CANADA TO PLAY FOR BRONZE AT WORLD JUNIORS AFTER 5-1 SEMIFINAL LOSS TO FINLAND
THE CANADIAN PRESS
MALMÖ, Sweden – Canada will go without a gold medal at the IIHF World Junior Championship for a fifth consecutive year.
Frustrated by a dogged defensive team and drawn into individualistic play and bad penalties, Canada was beaten 5-1 by Finland in the semifinals on Saturday.
“Everything from penalties to neutral zone play to turnovers, we just got beat fair and square,” team captain Scott Laughton (Oakville, Ont./Oshawa, OHL) said. “It's not like we deserved to win.”
Canada will play for bronze on Sunday against Russia, which lost 2-1 to host Sweden. Canada lost the bronze-medal game to the Russians last year in Ufa to end a run of 14 years of finishing in the top three.
“It's a game less than 24 hours later and you've got to do your country proud,” added Laughton. “It's tough we're not playing for the gold, but we're still looking to get a medal and get back on track.”
Sweden will play Finland in an all-Nordic gold medal game.
Joni Nikko, Artturi Lehkonen and Rasmus Ristolainen scored in the second period for Finland.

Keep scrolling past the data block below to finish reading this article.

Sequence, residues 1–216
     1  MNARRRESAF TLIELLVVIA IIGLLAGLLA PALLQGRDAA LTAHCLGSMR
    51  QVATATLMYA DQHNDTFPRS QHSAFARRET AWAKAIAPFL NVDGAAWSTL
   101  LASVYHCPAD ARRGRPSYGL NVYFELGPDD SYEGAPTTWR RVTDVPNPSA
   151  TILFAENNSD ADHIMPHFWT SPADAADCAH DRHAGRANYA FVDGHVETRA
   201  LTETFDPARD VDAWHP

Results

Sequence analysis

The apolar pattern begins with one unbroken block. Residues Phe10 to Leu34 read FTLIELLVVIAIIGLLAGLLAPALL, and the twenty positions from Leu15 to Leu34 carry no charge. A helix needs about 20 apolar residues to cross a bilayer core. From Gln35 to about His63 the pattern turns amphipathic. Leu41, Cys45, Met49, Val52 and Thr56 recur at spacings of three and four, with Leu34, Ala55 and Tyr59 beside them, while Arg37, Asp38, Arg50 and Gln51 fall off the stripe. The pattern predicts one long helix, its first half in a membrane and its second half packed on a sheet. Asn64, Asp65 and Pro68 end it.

Jonathan Drouin (Huberdeau, Que./Halifax, QMJHL) replied for Canada, but Finland captain Teuvo Teralainen scored on a penalty shot at 16:49 of the third and then scored into an empty net to seal the victory.
The Finns got the first goal on a lucky bounce.
Julius Honka of the Swift Current Broncos dumped the puck in and saw it take a strange bounce off a gap in the Zamboni entrance door. Nikko pounced on the puck to beat an otherwise sharp Zachary Fucale (Rosemère, Que./Halifax, QMJHL).
After Lehkonen scored, Drouin got a goal back as he scooped up a loose puck and shot into an open side with Anthony Mantha (Longueuil, Que./Val-d’Or, QMJHL) clogging up the front of the net.
Ristolainen then roofed a shot from close range for a 3-1 lead.
The large contingent of red-and-white clad Canadian fans in the crowd of 11,544 at Malmö Arena kept the noise level high through a desperate third period, but Juuse Saros shut the door.
In the third period, Derrick Pouliot (Weyburn, Sask./Portland, WHL) hauled down Henrik Haapala on a breakaway. Despite Canadian protests, Teravainen took the penalty shot because Haapala claimed he had injured his right hand.
The Finns, who finished seventh last year, are assured of ending a seven-year medal drought. They have not won this tournament since 1998.
“We had everybody together - we were team with a big T,” said Honka. “It will be nice to play in the final.”